Jim Sharpe, President of extrusion technology, describes the first five years in the aluminum extrusion company, which he bought. It begins with the first day, as he introduced to the staff in 1987 and assured them of. Continuity of the company Over the next two years, his efforts to make the company profitable contain costs, the union decertifying and developing relationships with suppliers. Sharpe learned from mistakes in predicting aluminum inventory and purchasing capital goods … Read more »

Jim Sharpe, President of extrusion technology, describes the first five years in the aluminum extrusion company, which he bought. It begins with the first day, as he introduced to the staff in 1987 and assured them of. Continuity of the company Over the next two years, his efforts to make the company profitable contain costs, the union decertifying and developing relationships with suppliers. Sharpe learned from mistakes in predicting aluminum inventory and purchasing capital equipment for a new product line, whose market never developed. At the end of five years, extrusion technology was profitable and good for growth.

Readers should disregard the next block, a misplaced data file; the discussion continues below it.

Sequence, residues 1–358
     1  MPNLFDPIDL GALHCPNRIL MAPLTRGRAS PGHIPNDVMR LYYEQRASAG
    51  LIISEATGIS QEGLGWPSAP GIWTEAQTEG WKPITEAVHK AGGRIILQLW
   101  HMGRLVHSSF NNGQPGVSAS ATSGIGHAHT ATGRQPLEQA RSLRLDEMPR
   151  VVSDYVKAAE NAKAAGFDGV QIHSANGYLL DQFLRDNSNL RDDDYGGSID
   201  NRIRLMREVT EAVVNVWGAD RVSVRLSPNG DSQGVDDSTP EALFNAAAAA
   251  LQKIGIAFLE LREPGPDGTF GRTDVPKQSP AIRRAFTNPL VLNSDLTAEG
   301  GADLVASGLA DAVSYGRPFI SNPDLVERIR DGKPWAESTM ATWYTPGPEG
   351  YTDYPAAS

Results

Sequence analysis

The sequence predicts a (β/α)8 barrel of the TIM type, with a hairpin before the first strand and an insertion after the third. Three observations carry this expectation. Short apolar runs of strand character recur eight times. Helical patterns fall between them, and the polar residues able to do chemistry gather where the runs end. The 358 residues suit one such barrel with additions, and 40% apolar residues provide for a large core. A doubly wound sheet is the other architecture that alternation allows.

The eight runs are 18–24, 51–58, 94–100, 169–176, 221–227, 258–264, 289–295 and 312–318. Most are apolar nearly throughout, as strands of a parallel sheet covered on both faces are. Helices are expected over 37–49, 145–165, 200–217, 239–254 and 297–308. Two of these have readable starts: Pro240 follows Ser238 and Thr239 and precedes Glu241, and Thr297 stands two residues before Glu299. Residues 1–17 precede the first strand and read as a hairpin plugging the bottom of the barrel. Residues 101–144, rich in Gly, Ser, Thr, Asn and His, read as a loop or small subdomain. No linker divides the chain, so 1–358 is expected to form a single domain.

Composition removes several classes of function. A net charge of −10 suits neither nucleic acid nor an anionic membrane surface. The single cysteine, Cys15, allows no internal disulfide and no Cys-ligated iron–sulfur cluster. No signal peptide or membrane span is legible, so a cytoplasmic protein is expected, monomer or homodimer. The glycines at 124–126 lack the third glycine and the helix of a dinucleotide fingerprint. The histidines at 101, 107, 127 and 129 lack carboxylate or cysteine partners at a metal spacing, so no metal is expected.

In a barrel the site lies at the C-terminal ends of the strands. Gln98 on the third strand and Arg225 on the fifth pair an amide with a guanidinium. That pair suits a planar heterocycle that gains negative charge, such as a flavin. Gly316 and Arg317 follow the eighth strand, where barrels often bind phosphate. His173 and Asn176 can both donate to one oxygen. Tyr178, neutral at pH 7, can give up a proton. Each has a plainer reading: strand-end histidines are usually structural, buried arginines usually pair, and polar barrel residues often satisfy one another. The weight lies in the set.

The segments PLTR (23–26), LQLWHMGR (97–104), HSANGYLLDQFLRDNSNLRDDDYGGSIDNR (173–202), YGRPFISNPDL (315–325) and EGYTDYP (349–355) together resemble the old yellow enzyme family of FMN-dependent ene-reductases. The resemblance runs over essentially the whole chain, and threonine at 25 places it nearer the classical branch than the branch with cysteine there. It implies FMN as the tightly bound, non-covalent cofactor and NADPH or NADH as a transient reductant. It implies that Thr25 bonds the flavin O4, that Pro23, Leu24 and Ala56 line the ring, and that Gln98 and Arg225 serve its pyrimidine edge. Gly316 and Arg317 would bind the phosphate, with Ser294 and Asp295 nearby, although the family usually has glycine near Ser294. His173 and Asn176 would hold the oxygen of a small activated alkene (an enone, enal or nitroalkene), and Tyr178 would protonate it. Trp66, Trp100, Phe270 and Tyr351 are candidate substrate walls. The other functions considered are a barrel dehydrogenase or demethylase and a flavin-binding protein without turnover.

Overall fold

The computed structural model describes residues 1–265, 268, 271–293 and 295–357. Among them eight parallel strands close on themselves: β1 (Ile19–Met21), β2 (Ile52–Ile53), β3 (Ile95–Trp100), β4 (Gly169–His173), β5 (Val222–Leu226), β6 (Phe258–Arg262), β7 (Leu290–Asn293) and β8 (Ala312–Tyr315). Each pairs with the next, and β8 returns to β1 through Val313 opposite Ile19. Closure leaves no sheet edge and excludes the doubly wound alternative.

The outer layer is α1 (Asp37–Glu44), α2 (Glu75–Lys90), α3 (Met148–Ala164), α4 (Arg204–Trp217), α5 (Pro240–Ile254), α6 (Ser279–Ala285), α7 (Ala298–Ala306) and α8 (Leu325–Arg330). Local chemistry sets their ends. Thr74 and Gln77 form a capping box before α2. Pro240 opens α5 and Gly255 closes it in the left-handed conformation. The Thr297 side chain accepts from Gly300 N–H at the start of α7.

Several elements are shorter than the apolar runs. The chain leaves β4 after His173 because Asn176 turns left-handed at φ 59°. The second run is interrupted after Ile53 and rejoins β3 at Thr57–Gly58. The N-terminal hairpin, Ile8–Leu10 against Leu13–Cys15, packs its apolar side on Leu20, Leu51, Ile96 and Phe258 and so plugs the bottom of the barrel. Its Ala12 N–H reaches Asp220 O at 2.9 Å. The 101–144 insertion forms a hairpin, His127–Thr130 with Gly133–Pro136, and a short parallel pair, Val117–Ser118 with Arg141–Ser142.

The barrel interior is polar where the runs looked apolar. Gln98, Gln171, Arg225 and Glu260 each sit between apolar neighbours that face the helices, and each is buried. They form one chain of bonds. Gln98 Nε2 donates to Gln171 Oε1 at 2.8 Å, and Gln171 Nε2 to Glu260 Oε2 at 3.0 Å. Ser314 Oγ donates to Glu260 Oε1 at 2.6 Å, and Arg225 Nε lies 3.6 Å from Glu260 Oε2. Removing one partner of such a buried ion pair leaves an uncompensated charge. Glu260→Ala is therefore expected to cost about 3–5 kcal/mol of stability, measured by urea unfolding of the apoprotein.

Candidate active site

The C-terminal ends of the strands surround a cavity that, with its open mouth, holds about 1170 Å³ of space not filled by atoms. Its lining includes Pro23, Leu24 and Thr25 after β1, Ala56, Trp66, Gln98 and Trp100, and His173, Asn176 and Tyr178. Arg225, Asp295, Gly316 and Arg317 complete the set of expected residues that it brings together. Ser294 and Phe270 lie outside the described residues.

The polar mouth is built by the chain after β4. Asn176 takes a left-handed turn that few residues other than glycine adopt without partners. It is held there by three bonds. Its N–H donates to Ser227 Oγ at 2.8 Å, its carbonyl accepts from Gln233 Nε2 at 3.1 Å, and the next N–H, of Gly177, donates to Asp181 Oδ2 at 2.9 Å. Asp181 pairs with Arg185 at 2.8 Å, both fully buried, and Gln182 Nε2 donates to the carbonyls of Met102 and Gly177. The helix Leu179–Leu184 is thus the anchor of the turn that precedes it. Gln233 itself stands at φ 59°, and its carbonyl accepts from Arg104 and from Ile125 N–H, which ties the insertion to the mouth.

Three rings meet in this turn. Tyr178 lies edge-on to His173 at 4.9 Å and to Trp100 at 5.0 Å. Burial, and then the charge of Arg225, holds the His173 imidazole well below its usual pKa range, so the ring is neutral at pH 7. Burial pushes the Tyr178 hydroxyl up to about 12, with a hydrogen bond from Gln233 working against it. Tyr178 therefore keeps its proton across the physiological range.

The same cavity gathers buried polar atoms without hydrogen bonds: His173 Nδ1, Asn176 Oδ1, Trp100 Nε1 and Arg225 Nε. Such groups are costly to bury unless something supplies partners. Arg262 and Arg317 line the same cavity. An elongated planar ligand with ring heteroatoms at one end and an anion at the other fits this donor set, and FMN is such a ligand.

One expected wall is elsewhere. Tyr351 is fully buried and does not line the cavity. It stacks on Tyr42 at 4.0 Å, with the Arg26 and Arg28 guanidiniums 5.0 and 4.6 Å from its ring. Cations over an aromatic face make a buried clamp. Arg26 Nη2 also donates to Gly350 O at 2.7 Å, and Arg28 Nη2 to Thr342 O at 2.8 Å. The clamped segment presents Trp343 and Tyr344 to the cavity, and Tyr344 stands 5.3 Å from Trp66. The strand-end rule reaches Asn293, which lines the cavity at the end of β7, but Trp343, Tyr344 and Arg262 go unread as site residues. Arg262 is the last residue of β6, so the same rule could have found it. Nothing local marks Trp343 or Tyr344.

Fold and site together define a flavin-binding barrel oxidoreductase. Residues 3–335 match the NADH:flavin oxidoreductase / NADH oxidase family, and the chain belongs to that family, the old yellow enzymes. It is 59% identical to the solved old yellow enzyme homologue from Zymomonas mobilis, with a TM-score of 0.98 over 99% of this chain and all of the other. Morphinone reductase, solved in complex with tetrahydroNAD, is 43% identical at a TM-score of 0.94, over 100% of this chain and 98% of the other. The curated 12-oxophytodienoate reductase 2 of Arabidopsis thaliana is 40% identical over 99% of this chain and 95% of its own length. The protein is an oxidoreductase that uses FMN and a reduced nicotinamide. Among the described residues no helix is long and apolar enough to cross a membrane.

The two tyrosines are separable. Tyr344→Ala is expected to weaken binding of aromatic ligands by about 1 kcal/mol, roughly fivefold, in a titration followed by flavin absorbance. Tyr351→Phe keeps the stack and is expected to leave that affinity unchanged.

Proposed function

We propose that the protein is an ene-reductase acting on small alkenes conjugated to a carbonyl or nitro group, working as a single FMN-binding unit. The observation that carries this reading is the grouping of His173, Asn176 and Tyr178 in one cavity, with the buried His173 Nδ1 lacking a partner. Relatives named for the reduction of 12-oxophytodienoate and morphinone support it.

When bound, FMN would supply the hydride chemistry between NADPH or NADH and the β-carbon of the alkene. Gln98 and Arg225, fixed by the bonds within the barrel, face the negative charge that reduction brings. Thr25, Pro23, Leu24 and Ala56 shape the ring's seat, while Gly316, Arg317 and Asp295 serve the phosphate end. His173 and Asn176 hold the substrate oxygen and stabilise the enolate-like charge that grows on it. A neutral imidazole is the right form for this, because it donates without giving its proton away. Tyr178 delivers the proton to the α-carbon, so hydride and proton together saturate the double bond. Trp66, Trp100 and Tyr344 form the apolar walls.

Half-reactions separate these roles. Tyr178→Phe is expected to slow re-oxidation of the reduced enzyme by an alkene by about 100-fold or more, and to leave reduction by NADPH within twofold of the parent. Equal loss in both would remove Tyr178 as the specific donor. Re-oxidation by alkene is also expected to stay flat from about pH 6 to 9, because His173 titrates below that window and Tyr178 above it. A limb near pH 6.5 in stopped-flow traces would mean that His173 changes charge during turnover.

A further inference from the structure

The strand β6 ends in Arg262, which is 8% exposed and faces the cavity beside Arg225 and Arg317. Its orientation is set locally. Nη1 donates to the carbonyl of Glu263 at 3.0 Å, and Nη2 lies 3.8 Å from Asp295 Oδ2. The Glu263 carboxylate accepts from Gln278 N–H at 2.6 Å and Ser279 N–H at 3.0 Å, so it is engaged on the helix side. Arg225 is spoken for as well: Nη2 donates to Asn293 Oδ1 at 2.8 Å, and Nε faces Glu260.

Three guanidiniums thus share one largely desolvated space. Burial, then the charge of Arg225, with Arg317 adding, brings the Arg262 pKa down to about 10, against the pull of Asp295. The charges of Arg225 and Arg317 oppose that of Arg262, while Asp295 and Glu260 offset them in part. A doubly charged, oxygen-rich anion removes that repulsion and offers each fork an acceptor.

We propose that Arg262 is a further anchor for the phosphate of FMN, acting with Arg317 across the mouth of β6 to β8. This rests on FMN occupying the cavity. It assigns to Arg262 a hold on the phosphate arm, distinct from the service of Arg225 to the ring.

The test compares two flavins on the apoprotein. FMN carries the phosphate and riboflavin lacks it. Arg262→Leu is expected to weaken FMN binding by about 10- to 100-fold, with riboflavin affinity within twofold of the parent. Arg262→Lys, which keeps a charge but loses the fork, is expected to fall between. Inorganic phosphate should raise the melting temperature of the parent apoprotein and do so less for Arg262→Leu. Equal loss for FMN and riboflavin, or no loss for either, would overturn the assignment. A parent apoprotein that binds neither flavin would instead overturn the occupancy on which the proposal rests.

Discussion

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from
H. Kent Bowen,
Barbara Feinberg
Source: Harvard Business School
12 pages.
Publication Date: Apr 24, 1998. Prod #: 698 096 PDF-ENG
Jim Sharpe: Extrusion Technology, Inc. (C) HBR case solution

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